How do you measure greatness?
Answers are often too finite because so many factors are relevant in each decision. The career of Carlos Sample provides yet another example.
Is Carlos Sample a Hall of Fame coach? Yes.
Did he have arguably the best 16-year stretch for a boys basketball coach in Louisiana’s highest classification? Yes.
If you put together two Mount Rushmores, one for boys basketball coaches in Baton Rouge and another for boys basketball coaches in Louisiana, where would Sample be?
Ask five people for their opinions and you might get five different answers. I say he belongs on both.
Sample’s decision to step down as Scotlandville’s coach after 16 seasons caught people off guard Friday. It has already sparked a bit of debate from a few folks who reached out on social media.
Is Carlos Sample at the head of the class when it comes to Baton Rouge’s illustrious group of boys basketball coaches? My answer is yes.
Quite frankly, nobody did it better than he did in Class 5A/Division I. The 54-year-old Sample won 85% of his games, won eight LHSAA titles and had six runner-up finishes that span an unprecedented 14 straight title-game appearances.
No, the select/nonselect situation does not lessen what Sample achieved. Scotlandville had no choice in its placement. The Hornets always played tough schedules that included some national tournaments.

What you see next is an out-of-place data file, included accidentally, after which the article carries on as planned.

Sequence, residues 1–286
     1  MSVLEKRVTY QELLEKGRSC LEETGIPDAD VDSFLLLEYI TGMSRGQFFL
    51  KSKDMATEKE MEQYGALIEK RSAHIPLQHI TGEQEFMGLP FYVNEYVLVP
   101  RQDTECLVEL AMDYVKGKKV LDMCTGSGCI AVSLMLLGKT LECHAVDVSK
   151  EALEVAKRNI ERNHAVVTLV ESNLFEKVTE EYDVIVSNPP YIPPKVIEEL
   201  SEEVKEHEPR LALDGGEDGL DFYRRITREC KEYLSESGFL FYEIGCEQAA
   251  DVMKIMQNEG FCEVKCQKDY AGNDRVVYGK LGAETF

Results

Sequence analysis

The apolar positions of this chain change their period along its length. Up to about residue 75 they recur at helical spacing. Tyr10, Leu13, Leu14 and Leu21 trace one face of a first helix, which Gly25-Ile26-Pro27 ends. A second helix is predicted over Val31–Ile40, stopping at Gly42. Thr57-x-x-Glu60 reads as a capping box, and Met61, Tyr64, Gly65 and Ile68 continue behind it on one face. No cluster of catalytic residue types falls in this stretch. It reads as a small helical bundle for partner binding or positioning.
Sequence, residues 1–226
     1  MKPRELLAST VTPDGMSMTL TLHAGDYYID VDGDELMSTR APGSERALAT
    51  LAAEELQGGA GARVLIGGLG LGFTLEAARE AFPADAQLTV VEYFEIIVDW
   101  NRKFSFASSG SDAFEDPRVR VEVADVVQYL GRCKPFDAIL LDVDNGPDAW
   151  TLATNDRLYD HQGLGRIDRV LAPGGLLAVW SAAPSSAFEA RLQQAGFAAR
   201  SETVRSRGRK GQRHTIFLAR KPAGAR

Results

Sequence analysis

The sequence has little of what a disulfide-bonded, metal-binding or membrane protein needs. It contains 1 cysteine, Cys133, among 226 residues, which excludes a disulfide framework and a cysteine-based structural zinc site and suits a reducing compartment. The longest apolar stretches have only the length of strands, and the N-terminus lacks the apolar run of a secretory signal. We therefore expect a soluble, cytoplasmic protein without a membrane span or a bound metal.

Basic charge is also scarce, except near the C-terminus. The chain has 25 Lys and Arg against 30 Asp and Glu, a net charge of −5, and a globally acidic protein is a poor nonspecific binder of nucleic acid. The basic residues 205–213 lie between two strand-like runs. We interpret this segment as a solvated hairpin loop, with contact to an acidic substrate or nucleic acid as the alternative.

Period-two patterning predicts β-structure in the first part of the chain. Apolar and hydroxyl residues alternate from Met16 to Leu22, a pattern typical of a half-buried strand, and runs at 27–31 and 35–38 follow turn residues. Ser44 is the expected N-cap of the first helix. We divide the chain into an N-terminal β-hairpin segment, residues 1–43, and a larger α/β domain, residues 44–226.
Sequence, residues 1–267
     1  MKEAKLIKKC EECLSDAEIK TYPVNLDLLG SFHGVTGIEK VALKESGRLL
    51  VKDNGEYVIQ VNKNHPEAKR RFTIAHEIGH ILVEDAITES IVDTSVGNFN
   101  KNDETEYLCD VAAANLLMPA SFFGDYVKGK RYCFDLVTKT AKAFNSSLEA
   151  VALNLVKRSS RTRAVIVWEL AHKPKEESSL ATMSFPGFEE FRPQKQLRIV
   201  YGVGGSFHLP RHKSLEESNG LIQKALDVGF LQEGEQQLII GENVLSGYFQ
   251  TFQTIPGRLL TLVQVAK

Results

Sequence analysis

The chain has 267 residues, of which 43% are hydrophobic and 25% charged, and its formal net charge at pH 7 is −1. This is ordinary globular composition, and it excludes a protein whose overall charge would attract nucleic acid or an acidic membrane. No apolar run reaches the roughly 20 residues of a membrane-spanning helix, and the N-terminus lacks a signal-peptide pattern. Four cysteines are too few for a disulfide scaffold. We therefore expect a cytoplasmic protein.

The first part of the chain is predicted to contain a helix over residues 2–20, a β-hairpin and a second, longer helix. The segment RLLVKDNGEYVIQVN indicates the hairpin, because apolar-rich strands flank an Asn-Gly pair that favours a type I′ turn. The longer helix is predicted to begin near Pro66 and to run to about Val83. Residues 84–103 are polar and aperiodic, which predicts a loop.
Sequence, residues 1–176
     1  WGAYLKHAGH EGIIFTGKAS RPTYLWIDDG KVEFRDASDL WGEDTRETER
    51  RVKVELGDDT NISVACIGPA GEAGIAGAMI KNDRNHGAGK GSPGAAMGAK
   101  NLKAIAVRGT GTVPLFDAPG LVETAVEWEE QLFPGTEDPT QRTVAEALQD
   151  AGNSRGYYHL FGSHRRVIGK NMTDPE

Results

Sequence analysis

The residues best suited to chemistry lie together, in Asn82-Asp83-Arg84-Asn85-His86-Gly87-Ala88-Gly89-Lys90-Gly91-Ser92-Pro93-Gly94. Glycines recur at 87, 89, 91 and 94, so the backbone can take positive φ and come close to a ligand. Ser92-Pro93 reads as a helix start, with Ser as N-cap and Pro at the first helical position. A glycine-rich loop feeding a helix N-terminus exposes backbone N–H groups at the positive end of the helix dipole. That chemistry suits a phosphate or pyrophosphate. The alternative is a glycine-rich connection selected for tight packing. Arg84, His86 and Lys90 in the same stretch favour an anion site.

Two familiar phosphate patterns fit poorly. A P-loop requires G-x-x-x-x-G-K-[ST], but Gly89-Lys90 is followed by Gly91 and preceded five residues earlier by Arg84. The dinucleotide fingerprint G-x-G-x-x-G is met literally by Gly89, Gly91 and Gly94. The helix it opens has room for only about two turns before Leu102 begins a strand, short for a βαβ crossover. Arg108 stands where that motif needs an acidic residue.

Here is where it gets tricky. Sample won 482 games at Scotlandville and 676 in 26 seasons. His overall winning percentage is 77% when you add in Sample’s nine-year stint at his alma mater, Istrouma, and one season at Livonia.
Others have more career wins. One coach has more wins and titles. The late Joel Hawkins of Southern Lab won 1,071 games and 11 titles in 13 seasons on the Class 1A level.
My Baton Rouge Mount Rushmore is Hawkins, Sample and Kenny Almond (932 wins, three titles), best known for his stint at Woodlawn, and Glen Oaks coach Harvey Adger (920 wins, four titles).
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